Like bad 1970s fashion, multiculturalism needs to be binned.
Sometimes the obvious questions don’t get asked. Maybe it’s the stubborn power of orthodoxy that puts a spanner in the spokes of our otherwise critical and curious senses. Whatever the reason, it’s time to ask this: why do we still have a minister, let alone an assistant minister for multicultural affairs?
Hasn’t this cultural fad overstayed it usefulness? Just as questions are asked about whether taxpayers should keep funding multicultural broadcaster SBS, given its raison d’etre has waned, isn’t it time we asked why we still need government ministers ministering the multicultural word to the people?
There is a sense of urgency around this question after last week’s inauspicious start by Craig Laundy, the new Assistant Minister for Multicultural Affairs.
Laundy sounded like the very model of the modern multiculturalist — modern in the sense of 1970s modern.
Last week the Liberal MP from western Sydney adopted the condescending voice of those 70s multiculturalists, speaking down to us, telling us that he knows better than us. And just like 70s multiculturalism, he caused division rather than cohesion.
Laundy’s sentiments might please the large voting bloc of Muslims in his electorate but the rest of us were riled by his haughtiness when he said that when people “dive into this debate” (about Islam) and “say controversial things, I would argue the vast majority are speaking from a position that is not well-informed”.
That’s multi-culti speak for saying shut up, you’re too stupid to understand Islam or question Islam’s ability to find an accommodation with fundamental Western values such as the separation of church and state, free speech, gender equality and so on.
Alas, people aren’t stupid. We see that countries ruled by the Islamic faith have cultures diametrically opposed to Enlightenment values. We can see enclaves of Muslim migrants in Western countries have kept practices at odds with those values. We are entitled to ask questions about the level of gender inequality among Muslims. We are entitled to ask why some young Muslim men chose Islamic State over Australia; why genital mutilation and child marriages happen in countries such as Britain and Australia.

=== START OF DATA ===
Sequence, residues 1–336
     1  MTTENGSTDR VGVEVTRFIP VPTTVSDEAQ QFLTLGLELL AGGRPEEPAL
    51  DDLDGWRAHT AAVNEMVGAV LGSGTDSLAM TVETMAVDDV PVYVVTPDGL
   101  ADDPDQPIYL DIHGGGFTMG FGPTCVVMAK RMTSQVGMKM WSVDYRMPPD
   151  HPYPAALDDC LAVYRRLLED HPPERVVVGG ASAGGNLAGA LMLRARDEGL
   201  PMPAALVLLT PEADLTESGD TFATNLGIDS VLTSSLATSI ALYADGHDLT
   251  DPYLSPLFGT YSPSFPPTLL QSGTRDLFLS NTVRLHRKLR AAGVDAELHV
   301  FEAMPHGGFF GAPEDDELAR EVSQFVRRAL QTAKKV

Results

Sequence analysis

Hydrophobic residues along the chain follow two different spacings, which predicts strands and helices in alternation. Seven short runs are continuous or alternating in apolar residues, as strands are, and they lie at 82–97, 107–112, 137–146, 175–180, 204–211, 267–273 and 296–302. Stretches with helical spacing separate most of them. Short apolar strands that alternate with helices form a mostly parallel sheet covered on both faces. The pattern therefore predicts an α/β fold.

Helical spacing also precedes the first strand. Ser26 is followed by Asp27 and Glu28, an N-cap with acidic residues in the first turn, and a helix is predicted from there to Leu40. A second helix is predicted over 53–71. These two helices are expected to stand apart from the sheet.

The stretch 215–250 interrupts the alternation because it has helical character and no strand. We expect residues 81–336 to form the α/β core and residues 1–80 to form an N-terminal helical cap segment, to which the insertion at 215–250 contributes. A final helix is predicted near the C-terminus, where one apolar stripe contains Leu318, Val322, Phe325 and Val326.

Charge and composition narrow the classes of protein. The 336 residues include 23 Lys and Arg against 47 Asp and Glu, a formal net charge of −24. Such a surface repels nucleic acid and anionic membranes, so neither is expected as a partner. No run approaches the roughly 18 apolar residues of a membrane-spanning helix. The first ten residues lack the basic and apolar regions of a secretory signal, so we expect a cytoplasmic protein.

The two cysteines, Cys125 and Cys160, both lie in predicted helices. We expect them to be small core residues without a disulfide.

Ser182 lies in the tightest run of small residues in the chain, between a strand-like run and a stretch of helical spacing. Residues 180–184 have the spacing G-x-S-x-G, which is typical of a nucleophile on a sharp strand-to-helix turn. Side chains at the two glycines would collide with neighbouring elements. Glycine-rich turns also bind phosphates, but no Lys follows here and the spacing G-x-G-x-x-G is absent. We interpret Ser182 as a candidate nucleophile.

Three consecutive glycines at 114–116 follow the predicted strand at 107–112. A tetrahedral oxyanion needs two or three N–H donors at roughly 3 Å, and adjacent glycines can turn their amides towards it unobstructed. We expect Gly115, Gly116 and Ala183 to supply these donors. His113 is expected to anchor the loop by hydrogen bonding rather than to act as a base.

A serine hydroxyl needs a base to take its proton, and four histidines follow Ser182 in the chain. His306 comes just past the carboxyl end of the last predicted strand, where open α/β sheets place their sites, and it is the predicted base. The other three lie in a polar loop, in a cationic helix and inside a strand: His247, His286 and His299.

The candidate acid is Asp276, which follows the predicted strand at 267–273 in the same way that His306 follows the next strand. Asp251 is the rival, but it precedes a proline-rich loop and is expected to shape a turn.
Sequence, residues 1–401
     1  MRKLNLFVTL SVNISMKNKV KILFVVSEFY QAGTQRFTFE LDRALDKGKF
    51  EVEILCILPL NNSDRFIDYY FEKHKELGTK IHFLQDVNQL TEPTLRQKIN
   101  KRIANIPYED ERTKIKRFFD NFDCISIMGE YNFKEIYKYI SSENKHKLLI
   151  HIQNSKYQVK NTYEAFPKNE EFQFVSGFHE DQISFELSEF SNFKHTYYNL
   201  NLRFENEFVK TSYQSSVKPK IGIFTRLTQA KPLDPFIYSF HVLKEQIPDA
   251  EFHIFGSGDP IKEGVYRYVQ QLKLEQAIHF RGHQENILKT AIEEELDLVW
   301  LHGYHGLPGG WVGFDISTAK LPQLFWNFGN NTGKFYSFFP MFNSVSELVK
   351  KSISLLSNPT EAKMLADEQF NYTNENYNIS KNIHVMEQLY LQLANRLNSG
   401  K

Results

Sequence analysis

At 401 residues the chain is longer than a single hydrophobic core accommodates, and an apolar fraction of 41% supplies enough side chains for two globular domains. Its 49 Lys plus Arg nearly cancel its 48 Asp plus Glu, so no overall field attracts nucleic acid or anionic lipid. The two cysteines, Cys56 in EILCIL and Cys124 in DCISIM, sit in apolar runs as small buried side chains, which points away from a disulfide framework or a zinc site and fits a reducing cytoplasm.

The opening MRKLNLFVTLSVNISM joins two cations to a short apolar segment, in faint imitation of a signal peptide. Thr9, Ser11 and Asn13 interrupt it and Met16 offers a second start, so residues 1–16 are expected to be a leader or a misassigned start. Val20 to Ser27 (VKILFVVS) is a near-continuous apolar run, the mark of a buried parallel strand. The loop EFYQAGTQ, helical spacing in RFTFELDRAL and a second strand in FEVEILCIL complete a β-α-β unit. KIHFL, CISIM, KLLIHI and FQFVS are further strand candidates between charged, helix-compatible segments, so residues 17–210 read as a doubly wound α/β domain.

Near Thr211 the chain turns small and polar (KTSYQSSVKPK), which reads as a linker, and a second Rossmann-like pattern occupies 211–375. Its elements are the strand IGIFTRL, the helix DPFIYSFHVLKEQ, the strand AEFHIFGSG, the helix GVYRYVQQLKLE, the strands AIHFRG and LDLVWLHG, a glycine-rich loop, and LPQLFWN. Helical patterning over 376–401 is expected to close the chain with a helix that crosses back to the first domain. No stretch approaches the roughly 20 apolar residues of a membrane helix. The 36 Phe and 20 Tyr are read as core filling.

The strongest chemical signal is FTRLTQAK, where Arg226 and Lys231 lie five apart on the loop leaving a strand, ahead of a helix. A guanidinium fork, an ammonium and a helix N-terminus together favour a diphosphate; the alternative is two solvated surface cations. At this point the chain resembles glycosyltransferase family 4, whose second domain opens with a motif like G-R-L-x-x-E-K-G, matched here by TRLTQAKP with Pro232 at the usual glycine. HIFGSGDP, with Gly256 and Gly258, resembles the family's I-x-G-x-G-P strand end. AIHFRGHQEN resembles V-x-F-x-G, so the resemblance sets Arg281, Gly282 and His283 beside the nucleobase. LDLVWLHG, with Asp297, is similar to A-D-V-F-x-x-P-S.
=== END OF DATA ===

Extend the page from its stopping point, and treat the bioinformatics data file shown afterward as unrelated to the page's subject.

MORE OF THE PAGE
If Laundy finds our questions “controversial” then, sadly, he has caught that debilitating multicultural virus. Like a virus that takes hold of host cells in the human body, multiculturalism’s self-loathing virus started invading Western societies more than 40 years ago. Like a form of cultural cancer, it has weakened our ability to defend our most fundamental values and, worse, it has meant the only culture open to critique and question is our own.
To be fair, Laundy is not alone among Liberal MPs who inadvertently expose why multiculturalism must be discarded.
Last week on the ABC’s Q&A when Liberal MP Steve Ciobo was asked whether he believed in free speech, he said: “I’m attracted to the principle.” Really? That’s it? I might be attracted to a dress in a shop but I’m not committed to it. Surely a Liberal MP, a minister, can do better at defending a core Western freedom. You’re not going to convince anyone about the virtues of free speech by saying you kind of like it, with the same commitment as you might say you like cornflakes in the morning
The multicultural virus has impaired even self-professed cultural warriors. As prime minister, Tony Abbott decided that defending free speech by reforming section 18C of the Racial Discrimination Act was too hard once a few migrant groups kicked up a fuss.